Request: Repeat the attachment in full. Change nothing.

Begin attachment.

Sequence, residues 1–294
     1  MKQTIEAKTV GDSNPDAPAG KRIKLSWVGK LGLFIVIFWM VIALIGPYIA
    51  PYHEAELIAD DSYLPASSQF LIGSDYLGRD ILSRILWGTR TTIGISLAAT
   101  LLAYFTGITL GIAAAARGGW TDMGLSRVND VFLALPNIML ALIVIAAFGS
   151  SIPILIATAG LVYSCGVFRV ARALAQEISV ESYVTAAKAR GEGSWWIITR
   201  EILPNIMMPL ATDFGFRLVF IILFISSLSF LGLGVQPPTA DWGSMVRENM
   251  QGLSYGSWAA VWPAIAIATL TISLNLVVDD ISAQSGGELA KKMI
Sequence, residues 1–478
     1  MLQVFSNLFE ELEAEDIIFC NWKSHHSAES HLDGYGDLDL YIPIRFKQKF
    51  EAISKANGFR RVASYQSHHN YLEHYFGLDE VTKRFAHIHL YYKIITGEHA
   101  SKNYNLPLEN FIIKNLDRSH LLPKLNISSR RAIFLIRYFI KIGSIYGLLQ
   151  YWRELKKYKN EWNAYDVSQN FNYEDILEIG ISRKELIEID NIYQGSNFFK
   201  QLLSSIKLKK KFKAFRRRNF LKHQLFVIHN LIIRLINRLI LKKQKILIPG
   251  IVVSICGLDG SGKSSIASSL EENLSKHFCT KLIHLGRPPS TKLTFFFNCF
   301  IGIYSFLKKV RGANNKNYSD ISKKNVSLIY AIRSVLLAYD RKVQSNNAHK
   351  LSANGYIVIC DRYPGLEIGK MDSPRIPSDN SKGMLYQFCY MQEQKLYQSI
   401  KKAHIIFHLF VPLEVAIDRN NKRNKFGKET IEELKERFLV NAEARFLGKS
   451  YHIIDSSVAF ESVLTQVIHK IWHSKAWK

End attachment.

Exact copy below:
Sequence, residues 1–294
     1  MKQTIEAKTV GDSNPDAPAG KRIKLSWVGK LGLFIVIFWM VIALIGPYIA
    51  PYHEAELIAD DSYLPASSQF LIGSDYLGRD ILSRILWGTR TTIGISLAAT
   101  LLAYFTGITL GIAAAARGGW TDMGLSRVND VFLALPNIML ALIVIAAFGS
   151  SIPILIATAG LVYSCGVFRV ARALAQEISV ESYVTAAKAR GEGSWWIITR
   201  EILPNIMMPL ATDFGFRLVF IILFISSLSF LGLGVQPPTA DWGSMVRENM
   251  QGLSYGSWAA VWPAIAIATL TISLNLVVDD ISAQSGGELA KKMI
Sequence, residues 1–478
     1  MLQVFSNLFE ELEAEDIIFC NWKSHHSAES HLDGYGDLDL YIPIRFKQKF
    51  EAISKANGFR RVASYQSHHN YLEHYFGLDE VTKRFAHIHL YYKIITGEHA
   101  SKNYNLPLEN FIIKNLDRSH LLPKLNISSR RAIFLIRYFI KIGSIYGLLQ
   151  YWRELKKYKN EWNAYDVSQN FNYEDILEIG ISRKELIEID NIYQGSNFFK
   201  QLLSSIKLKK KFKAFRRRNF LKHQLFVIHN LIIRLINRLI LKKQKILIPG
   251  IVVSICGLDG SGKSSIASSL EENLSKHFCT KLIHLGRPPS TKLTFFFNCF
   301  IGIYSFLKKV RGANNKNYSD ISKKNVSLIY AIRSVLLAYD RKVQSNNAHK
   351  LSANGYIVIC DRYPGLEIGK MDSPRIPSDN SKGMLYQFCY MQEQKLYQSI
   401  KKAHIIFHLF VPLEVAIDRN NKRNKFGKET IEELKERFLV NAEARFLGKS
   451  YHIIDSSVAF ESVLTQVIHK IWHSKAWK